It was made to work from either side. Also the bed was made of thinner stock to allow for more blade available to cut the work.

    Some of the replies show ways for shooting angles on a workpiece.

    jtk
    "A pessimist sees the difficulty in every opportunity; an optimist sees the opportunity in every difficulty."
    - Sir Winston Churchill (1874-1965)

  7. #7
    Well how about that?
    Great answers in a short time. Sawmill Creek always treats me well.
    Thank you.

    I've gone the Paul Sellers SB route- not bad, though over time wasn't as secure as I'd like. (the fault laying entirely in my construction).
    The slick tape is brilliant.
    Will do, gotta be easier than chopping up a cutting board!

    -PD

  8. #8
    Join Date
    Sep 2007
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    Longview WA
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    One thing to learn with a shooting board is the art of using tape and plane shavings as shims to fine tune your cuts.

    Sometimes the board will change a touch with the weather.

    jtk
    "A pessimist sees the difficulty in every opportunity; an optimist sees the opportunity in every difficulty."
    - Sir Winston Churchill (1874-1965)

  9. #9
    Join Date
    Dec 2015
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    Dublin, CA
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    Quote Originally Posted by Chuck Nickerson View Post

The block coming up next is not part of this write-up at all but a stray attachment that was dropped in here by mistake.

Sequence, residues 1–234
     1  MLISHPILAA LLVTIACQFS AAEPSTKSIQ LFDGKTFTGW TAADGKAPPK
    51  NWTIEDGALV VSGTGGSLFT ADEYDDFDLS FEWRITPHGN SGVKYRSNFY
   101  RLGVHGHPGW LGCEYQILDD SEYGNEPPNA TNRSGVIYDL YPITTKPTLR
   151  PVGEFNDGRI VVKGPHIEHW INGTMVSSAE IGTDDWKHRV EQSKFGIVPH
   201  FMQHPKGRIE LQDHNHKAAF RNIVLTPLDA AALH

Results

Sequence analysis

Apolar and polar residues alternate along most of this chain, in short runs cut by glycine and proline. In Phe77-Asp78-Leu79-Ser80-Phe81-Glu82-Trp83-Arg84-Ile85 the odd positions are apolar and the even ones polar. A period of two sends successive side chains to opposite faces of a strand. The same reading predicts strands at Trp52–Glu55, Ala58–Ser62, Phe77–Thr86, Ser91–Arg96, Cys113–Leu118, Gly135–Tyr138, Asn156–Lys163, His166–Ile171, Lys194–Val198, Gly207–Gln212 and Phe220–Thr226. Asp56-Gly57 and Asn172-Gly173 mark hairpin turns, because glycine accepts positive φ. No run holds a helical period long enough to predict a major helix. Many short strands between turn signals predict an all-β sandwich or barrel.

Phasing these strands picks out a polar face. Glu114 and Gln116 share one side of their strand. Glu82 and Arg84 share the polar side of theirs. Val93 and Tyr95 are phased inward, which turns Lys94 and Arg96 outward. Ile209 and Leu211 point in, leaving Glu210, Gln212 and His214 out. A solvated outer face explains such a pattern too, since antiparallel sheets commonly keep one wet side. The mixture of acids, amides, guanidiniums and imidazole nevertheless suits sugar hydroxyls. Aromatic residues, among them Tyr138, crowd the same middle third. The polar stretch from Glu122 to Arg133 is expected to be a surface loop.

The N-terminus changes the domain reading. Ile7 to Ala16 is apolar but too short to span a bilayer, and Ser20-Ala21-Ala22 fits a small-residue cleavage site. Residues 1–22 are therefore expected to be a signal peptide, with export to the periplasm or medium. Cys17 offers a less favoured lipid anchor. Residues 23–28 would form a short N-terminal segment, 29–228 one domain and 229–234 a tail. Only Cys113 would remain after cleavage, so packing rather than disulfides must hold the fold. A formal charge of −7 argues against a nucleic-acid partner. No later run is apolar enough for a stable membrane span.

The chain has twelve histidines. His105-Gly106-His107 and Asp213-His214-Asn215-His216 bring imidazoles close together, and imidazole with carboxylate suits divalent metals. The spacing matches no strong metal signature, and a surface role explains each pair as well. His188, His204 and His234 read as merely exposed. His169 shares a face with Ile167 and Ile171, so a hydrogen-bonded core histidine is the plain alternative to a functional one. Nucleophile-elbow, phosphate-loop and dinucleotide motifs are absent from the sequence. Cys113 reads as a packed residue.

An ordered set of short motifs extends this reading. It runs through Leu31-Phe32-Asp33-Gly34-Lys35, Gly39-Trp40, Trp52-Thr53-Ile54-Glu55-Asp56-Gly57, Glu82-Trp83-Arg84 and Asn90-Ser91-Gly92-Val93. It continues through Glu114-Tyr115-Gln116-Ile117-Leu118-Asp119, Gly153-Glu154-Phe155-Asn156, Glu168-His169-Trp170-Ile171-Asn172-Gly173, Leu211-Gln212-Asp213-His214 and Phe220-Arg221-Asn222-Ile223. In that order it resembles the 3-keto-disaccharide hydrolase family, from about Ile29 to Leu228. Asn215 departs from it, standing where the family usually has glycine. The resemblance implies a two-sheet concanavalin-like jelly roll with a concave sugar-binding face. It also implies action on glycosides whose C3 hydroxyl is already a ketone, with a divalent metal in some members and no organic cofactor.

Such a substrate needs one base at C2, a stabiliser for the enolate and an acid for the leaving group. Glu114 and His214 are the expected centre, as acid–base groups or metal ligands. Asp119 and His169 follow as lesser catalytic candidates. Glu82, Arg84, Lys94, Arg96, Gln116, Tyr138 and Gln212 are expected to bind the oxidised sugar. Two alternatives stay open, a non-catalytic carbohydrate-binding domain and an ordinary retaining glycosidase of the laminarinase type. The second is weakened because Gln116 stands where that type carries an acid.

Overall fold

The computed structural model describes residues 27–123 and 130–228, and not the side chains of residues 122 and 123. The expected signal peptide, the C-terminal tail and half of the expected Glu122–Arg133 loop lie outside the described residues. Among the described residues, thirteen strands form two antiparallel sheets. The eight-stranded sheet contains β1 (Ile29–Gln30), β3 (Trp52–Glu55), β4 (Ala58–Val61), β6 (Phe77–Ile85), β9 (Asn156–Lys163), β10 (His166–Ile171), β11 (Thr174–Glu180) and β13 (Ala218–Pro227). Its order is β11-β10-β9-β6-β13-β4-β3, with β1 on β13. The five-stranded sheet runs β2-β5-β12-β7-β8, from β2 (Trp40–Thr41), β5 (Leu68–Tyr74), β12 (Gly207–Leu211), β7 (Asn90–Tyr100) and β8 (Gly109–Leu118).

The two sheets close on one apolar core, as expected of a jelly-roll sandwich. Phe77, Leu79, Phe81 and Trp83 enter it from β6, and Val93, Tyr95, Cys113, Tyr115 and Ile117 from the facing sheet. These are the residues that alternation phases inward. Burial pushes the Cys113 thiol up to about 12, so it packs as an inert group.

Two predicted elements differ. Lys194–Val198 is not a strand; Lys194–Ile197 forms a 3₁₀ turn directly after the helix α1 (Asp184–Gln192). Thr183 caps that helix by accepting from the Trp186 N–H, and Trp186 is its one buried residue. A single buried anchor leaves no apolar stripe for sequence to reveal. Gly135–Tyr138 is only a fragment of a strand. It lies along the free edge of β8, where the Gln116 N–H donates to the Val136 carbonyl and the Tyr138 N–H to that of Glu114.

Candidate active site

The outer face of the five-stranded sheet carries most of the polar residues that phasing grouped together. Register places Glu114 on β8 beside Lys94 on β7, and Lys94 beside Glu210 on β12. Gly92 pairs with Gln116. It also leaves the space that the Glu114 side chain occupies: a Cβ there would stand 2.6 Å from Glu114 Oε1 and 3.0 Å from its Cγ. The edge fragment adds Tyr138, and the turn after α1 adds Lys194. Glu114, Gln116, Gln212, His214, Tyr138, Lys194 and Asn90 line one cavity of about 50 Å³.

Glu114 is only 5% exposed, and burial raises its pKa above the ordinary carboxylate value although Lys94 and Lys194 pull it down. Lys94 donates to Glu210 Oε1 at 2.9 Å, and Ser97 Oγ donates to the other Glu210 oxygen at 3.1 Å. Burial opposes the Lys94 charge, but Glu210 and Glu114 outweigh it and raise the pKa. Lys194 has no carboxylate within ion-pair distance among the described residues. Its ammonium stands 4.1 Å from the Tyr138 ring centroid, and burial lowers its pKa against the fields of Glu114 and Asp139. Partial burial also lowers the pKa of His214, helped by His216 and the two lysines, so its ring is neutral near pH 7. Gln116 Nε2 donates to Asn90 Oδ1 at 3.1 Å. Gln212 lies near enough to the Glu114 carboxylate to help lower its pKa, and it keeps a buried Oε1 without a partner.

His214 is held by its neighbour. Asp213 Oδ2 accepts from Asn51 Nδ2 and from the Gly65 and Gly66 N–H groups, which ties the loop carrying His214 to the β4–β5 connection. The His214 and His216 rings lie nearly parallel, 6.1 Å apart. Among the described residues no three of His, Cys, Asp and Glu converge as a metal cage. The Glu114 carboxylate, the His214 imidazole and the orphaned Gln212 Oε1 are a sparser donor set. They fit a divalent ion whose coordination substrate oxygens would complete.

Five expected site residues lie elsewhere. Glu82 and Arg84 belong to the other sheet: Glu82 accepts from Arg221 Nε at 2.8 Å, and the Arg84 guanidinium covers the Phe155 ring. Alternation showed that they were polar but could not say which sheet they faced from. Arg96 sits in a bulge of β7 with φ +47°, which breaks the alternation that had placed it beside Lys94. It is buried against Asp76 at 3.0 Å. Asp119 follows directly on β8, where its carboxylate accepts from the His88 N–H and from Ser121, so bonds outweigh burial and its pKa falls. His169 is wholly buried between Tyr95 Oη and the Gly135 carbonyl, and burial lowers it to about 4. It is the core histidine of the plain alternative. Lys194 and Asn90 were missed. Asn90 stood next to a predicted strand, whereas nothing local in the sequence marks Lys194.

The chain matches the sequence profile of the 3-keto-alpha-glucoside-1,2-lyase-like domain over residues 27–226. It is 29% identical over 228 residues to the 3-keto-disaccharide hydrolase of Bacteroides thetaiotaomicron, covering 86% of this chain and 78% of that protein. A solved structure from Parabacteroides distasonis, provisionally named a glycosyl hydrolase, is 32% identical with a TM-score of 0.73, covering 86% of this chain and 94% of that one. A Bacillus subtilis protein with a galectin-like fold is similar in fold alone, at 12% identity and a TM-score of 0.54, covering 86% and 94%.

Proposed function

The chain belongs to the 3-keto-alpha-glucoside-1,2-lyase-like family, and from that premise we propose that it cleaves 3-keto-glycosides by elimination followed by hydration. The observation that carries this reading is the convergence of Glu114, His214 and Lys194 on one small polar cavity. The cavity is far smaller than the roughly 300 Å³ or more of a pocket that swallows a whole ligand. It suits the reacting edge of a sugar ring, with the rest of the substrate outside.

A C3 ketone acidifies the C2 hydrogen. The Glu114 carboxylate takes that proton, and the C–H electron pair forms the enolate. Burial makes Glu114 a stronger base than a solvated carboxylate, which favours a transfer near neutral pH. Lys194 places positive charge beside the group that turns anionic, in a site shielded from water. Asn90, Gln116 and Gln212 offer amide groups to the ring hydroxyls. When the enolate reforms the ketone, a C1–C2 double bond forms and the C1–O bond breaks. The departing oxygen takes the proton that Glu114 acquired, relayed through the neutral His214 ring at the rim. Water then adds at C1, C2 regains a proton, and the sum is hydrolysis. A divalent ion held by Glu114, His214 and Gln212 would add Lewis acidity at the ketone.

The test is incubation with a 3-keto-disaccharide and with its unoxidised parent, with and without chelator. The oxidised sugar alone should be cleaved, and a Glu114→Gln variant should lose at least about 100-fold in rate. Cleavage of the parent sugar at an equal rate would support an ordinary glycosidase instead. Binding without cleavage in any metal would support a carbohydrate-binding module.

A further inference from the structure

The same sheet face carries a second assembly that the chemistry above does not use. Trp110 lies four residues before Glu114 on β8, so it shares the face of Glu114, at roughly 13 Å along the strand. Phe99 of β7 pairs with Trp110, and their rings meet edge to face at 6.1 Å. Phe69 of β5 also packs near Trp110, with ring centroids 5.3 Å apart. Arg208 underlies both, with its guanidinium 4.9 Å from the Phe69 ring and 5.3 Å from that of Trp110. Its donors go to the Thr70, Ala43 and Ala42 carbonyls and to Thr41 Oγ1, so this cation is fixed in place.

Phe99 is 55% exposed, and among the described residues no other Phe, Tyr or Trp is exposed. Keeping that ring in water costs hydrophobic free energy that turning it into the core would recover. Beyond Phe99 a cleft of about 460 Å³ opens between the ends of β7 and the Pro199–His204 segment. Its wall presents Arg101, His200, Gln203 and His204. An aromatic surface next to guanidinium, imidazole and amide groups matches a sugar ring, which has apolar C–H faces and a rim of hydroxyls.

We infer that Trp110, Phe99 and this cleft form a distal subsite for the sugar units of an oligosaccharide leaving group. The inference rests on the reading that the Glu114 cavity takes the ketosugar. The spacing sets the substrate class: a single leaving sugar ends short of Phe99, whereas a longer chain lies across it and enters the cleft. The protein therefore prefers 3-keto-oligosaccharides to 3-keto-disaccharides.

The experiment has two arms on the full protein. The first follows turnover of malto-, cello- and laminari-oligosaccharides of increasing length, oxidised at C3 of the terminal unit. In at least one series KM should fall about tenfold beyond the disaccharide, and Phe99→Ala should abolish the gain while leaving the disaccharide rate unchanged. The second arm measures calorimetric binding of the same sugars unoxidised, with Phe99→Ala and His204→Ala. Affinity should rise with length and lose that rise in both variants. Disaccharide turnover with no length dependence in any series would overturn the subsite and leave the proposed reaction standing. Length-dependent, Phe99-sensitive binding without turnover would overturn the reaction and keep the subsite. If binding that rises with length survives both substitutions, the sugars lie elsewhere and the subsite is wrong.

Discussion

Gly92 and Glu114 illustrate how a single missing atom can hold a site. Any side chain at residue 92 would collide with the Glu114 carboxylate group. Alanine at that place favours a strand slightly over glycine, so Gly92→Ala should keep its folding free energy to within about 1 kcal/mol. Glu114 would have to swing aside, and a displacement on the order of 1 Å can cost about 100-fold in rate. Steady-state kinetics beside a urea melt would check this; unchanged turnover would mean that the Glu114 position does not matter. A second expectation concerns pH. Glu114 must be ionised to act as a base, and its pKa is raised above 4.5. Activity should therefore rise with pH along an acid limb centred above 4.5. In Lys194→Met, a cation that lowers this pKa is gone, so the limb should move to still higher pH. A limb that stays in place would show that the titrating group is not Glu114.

The safest (most stable) material for making your own is Baltic Birch plywood.
    MDF also works for parts that don't bear any load, like the base. BB ply can still warp a bit.

    My current shooting boards are made out of phenolic-faced baltic birch ply, for what it's worth. The phenolic makes the surfaces a bit more durable. I also apply strips of PSA-backed SiC film along the fences, to keep the workpiece from slipping. Finally, my fences have set-screw adjustments for rotation (I shamelessly ripped off the fence attachment design of a higher-end Logan mat cutter) and slotted-screw adjustments for engagement. The latter allows me to position the fence super close to the cut, to prevent spelching.

  10. #10
    Join Date
    Mar 2006
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    Austin Texas
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    Just make one out some ply scraps and hardwood leftover scraps (birch ply is very nice, indeed, but not at all required) in the shop. The only thing that needs to be "right" is the 90* fence and that can be done by: 1) Carefully laying out the dado, etc that the fence rises on 2) using shims as suggested above after you realize that you did not lay it out dead-on perfect, or 3) make the fence slightly adjustable and check it for true 90 (or 45 as applicable) before each use. This shooting board most likely will not be the last one you make and will work just fine until such time as you build the "best one". Please do not buy one. In my opinion, if you will not build a shooting board, you are just saying you cannot/will not move forward with woodworking. They are that easy to build and the basic, simple ones work very well and you would be surprised at how many years go by without replacing it with the "best one".